Healthy arteries feature a smooth inner lining, enabling the unobstructed flow of blood throughout the body. However, high blood pressure can have a damaging impact on the inner lining of blood vessels. As a result, it can lead to various vascular complications, including atherosclerosis, peripheral artery disease (PAD), and an increased risk of blood clots.

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Organ damage

High blood pressure can have detrimental effects on various organs in the body. To begin with, it can damage your arteries by making them less elastic, which decreases the flow of blood and oxygen to your heart. Decreased blood flow to the heart can cause chest pain, heart attack, and even heart failure.

Increased blood pressure also raises the risk of stroke and cognitive decline in the brain, contributes to kidney disease and impaired function, affects the eyes and vision, and may lead to erectile dysfunction in men.

Other health conditions

Hypertension is also associated with an increased risk of several other health conditions, including diabetes, metabolic syndrome, and certain types of dementia. It is crucial to note that while high blood pressure is associated with these health conditions, it does not necessarily mean that everyone with high blood pressure will develop them. Many factors contribute to the development of these conditions. Therefore, it’s important to manage high blood pressure and adopt a healthy lifestyle to help reduce the risk.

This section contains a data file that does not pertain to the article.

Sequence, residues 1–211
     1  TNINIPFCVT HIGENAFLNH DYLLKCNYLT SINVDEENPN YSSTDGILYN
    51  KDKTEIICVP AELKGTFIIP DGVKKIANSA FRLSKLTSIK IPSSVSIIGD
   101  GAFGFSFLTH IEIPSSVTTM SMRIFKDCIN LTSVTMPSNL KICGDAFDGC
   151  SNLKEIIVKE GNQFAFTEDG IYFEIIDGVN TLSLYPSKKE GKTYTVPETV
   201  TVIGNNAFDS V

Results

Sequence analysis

Impact on overall health

Blood pressure control is crucial for maintaining overall health and well-being. By preventing serious health complications, individuals can enjoy a better quality of life with increased energy, reduced healthcare costs, and a reduced burden on daily activities.

Prevention and Treatment Strategies

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Knowing the consequences of hypertension, it’s important to familiarize yourself with ways of treating high blood pressure and even preventing it.

Lifestyle modifications

Being overweight can contribute to developing high blood pressure. Therefore, lifestyle changes play a significant role in preventing and managing the condition. A balanced diet, regular physical activity, and weight management play an important role in maintaining optimal blood pressure levels and cardiovascular health.

To get started, consider using helpful tools like the Cardi Health app. It offers personalized guidance in healthy diet and workouts, as well as tracking features to support your journey toward a healthier lifestyle. Use the app to achieve a healthy weight, lower your blood pressure with its tips, and improve your overall health.

Importance of blood pressure monitoring

Hypertension is often referred to as the “silent killer” because it typically presents no noticeable symptoms until significant damage has already occurred. Monitoring blood pressure regularly can help detect hypertension at an early stage and take necessary measures to prevent or minimize the impact of hypertension.